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Yayy insomnia!

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So, thanks in part to several cups of Waffle House coffee earlier this evening, I'm pulling an all-nighter - the first in a while. Technically I'm not supposed to do this anymore. My doctors say that it can destabilize me and cause "symptom flare-ups."

Well, screw them. I'm already unstable and there's no way the symptoms are gonna flare any worse than my neighbor's car, which I just finished setting on fire.*

Besides, this is literally the first time I've actually wanted to work in several months.

At the moment, I'm working on refining a rather hideous and hackish implementation of A* pathfinding, which was one of the last things I did before the little nervous breakdown episode. (I don't recommend that tour, by the way. Try a nice vacation package to the sixth level of Hell instead, it'll be more pleasant.)

I started out with a straight naive implementation of A*, literally ripped from the textbook description of the algorithm. (In fact, Wikipedia's description is virtually identical to the implementation method I used.)

Now, I used to be a C guy, but I've long since become spoiled by higher level languages. I'm working predominantly in C++ these days, which means I can't be stuffed to mess around with things like manual memory allocation just to make a little pathfinding algorithm more efficient. (And we're going to need a pretty damn efficient implementation, for reasons I will not elaborate on.)

Bottom line, my first implementation was... bad. It involved a std::priority_queue which contained special structs; each struct instance held a std::vector of nodes connected in a path, as well as the total travel cost of that path. The priority queue would be updated and paths shuffled around repeatedly, basically exactly as the pseudocode description suggests.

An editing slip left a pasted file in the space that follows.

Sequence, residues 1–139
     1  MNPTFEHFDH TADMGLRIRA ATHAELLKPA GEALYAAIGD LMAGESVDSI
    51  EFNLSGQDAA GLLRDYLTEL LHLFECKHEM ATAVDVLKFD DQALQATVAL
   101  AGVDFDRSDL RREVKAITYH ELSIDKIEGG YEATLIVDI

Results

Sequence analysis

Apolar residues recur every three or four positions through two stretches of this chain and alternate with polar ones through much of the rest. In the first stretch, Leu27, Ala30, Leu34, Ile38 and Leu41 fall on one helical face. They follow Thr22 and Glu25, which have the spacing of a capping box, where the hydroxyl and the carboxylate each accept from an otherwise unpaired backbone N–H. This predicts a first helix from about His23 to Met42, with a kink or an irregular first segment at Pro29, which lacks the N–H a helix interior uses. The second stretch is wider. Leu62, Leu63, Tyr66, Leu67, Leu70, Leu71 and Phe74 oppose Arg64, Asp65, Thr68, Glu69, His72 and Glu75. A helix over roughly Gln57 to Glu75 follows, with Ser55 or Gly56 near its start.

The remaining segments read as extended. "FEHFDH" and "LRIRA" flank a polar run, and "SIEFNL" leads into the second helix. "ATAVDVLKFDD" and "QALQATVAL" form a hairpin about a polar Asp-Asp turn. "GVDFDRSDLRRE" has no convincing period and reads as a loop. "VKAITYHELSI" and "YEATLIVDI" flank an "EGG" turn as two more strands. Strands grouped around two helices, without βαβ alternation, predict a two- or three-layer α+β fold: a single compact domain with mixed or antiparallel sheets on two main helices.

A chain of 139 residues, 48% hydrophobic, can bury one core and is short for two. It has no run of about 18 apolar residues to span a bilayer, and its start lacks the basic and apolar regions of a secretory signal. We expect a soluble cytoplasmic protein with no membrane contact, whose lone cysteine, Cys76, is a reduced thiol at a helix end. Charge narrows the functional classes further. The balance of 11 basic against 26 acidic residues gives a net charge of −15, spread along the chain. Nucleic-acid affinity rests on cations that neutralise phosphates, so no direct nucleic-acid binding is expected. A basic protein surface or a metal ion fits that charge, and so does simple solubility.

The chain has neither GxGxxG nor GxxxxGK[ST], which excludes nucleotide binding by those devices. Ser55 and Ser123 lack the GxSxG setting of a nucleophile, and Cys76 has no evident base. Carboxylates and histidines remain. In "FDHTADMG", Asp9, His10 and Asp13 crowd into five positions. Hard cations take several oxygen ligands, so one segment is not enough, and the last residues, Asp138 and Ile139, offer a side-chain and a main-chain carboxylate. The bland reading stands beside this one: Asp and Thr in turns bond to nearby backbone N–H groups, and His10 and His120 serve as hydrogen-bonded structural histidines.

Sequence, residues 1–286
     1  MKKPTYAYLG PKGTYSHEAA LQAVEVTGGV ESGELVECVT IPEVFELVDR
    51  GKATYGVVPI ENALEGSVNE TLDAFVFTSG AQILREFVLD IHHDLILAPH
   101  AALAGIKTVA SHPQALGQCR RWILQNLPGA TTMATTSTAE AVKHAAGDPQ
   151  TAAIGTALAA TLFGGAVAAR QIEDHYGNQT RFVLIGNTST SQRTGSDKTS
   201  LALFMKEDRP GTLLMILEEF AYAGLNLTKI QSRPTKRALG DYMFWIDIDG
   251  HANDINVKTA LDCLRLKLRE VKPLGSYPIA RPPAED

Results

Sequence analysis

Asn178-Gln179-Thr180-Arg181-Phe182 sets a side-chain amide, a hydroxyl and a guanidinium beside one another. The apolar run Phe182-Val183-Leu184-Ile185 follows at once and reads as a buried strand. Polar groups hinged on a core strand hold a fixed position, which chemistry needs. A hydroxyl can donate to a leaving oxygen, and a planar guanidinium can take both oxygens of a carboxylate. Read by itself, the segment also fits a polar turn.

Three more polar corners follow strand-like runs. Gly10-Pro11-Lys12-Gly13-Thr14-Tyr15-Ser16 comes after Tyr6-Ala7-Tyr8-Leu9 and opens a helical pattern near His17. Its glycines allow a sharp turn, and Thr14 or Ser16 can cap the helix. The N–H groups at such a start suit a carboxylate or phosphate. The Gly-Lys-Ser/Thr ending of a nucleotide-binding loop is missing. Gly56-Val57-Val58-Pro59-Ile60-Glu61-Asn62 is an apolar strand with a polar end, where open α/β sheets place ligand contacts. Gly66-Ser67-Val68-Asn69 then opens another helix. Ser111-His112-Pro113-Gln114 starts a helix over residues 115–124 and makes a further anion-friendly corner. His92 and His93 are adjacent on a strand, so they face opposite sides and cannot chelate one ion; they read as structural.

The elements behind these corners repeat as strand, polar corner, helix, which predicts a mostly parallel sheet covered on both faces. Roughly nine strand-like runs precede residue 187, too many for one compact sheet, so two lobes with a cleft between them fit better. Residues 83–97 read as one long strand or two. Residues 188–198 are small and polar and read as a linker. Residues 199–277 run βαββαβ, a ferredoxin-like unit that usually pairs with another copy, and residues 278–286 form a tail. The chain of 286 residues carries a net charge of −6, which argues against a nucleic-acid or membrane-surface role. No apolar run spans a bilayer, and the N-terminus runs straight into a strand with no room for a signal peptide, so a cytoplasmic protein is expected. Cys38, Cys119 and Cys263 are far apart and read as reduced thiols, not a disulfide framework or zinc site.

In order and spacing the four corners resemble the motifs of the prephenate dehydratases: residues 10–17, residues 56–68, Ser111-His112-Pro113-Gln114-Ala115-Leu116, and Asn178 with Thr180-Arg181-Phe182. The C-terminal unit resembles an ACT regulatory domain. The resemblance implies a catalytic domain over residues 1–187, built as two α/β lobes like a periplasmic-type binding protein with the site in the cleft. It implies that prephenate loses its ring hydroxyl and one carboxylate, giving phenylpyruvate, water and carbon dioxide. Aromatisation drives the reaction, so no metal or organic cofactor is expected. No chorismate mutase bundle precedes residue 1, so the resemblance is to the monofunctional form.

This made the implementation horrendously inefficient in terms of heap space. By my rough guess, even pathing through a simple 6-node test graph would require on the order of 100 reallocations and copies.

Clearly, this sucks.

I set out initially to just clean up the little helper structs and the containers a bit to minimize copies. Along the way, I recalled a couple of small tricks from the last time I wrote an A* implementation from scratch - back in my C days. This time, I've adapted those tricks into C++ to end up with a really nice, clean implementation that's both easy to follow (assuming you know how A* works to begin with) and quite efficient.

I'm still putting some finishing touches on it (including a couple possible more improvements), and of course it needs complete testing; but once it's all set, I'll post the code and details of how the improvements work.

I doubt it'll be revolutionary news to anyone with any significant game coding experience, since the tricks are obvious and pretty standard (at least for optimization-minded ex-C-hackers like me). Even still, it should hopefully be useful for people who are doing their first A* implementation, or otherwise working with a naive implementation. If nothing else, it's another little droplet into the ocean of open source.

Plus, I know I can count on all you actual C++ coders around here to tear it apart for me and find all the idiotic mistakes [grin]

* Disclaimer for the paranoid: I'm being really careful with this. If a little sleep deprivation does indeed create problems, I swear I won't do it again. Also, I didn't set my neighbor's car on fire.

It was his dog.
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